RSVP and the etiquette of responding to invitations

RSVP and the etiquette of responding to invitations

Why Americans ask you in French to please respond to an invitation (répondez s’il vous plaît)

Americansim: RSVP

You may have noticed by now that when there is some kind of event, many Americans request that you send an RSVP, or in other words, a response.  RSVP comes from répondez s’il vous plaît (“please respond” in French). Why is French used? This romance language was long considered the language of culture, whereas English has traditionally been the language of economics. Responding to an invitation is part of etiquette, or the rules of conduct, a word that was adopted into the 1700s in the English language (which has borrowed thousands of French words and adapted its own versions and pronunciations).

Nowadays, RSVP can be used as a verb (Please RSVP) or a noun (Please send your RSVP).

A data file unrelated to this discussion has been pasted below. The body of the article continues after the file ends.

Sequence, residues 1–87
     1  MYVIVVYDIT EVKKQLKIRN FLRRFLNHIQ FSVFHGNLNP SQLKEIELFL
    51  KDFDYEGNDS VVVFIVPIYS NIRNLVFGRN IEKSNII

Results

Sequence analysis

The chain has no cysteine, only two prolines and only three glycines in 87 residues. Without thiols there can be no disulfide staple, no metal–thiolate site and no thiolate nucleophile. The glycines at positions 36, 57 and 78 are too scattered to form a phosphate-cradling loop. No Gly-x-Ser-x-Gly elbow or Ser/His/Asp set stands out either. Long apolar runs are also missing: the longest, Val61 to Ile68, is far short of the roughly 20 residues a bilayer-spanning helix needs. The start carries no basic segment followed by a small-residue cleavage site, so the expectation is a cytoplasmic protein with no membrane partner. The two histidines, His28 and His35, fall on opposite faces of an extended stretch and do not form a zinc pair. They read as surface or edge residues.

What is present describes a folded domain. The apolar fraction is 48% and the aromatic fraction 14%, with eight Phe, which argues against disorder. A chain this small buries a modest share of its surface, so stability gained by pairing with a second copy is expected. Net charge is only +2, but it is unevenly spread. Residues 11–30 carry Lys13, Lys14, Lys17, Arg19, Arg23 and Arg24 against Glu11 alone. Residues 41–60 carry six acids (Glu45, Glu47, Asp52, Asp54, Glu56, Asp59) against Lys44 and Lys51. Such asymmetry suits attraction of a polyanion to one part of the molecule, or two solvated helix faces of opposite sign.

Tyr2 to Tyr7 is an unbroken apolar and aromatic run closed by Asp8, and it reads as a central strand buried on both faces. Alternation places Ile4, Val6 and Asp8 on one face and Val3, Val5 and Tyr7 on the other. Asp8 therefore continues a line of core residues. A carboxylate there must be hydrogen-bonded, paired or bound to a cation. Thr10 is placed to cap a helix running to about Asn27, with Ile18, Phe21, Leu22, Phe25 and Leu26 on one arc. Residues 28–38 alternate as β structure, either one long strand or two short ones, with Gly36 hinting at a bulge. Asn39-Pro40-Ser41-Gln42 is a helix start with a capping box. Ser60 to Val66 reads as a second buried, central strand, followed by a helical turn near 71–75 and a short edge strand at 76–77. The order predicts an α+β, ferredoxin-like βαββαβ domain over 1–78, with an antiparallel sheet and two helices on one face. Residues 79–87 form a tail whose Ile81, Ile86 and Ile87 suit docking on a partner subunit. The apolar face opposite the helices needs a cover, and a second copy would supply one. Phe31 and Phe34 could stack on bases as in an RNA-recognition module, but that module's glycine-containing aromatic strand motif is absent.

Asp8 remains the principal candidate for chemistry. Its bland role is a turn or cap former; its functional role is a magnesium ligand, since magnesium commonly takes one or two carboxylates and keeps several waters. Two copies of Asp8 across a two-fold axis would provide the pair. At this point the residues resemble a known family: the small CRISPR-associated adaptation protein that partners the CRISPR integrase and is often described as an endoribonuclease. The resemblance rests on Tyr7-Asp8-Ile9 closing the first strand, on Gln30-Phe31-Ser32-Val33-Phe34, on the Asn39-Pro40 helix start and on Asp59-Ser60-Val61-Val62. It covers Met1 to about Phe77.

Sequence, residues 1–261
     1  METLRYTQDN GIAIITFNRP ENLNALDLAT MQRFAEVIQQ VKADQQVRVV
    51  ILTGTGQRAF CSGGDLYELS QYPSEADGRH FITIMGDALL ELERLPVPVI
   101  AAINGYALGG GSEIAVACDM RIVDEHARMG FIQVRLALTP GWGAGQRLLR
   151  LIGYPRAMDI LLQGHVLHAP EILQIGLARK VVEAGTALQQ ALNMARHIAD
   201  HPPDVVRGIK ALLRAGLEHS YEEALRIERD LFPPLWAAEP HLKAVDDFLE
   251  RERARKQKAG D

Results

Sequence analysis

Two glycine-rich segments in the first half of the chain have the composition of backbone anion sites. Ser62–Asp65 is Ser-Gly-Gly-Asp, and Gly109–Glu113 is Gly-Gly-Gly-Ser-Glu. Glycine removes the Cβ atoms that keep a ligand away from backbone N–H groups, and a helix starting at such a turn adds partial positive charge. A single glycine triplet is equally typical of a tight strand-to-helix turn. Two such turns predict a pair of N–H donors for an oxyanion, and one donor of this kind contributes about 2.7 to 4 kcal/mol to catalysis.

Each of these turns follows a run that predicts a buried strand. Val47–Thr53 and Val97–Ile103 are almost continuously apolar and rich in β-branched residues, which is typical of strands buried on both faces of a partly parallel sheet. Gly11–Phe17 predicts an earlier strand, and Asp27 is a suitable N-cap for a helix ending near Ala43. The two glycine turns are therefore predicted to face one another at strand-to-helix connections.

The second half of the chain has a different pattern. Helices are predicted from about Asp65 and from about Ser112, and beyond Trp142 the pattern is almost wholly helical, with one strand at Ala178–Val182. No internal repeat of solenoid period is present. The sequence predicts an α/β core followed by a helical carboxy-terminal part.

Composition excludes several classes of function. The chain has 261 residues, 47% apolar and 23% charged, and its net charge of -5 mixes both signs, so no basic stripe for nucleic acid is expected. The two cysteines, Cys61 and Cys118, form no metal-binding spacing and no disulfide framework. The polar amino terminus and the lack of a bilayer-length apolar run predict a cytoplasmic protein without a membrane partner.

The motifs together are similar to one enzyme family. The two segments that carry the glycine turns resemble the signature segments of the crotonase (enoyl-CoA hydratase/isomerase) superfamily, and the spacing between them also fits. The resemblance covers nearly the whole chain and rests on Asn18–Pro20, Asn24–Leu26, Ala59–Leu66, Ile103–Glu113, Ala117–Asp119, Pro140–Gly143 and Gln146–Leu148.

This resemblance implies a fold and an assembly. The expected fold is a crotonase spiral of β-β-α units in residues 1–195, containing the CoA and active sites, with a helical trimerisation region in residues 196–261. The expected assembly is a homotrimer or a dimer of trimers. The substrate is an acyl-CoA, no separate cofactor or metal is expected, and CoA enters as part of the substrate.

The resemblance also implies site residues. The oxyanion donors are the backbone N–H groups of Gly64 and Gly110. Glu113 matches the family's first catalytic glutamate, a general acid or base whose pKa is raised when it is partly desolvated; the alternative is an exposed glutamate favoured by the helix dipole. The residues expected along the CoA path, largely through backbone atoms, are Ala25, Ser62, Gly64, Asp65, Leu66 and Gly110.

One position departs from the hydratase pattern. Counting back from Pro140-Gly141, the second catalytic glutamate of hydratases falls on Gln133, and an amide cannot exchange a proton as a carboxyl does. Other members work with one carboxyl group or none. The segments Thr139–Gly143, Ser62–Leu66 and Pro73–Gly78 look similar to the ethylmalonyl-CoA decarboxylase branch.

If someone asks you to RSVP (sometimes also written as R.S.V.P.) it means that you should respond if you plan to attend. This helps a host or organizer plan the event by knowing how much food to order, etc. If you can no longer attend, it is polite to let the host or event organizer know your change of plans. If you do not respond, it is assumed that you are not attending.

For some events, it has become a trend for the host or organizer to ask for “regrets only.” This means that you are assumed to be able to come and a reply is not necessary; only if you cannot attend should you notify the host or organizer. Examples for “regrets only” might be for an annual party or a wedding shower.

On the other hand, proper etiquette for a wedding invitation dictates that you should absolutely send an RSVP (either acceptance or regrets). Again, this is the polite thing to do so that your inviters can plan for the number of people attending.

Perhaps ironically, the French these days apparently request a response with prière de répondre instead of RSVP.

Source: Today I Found Out: What RSVP Stands For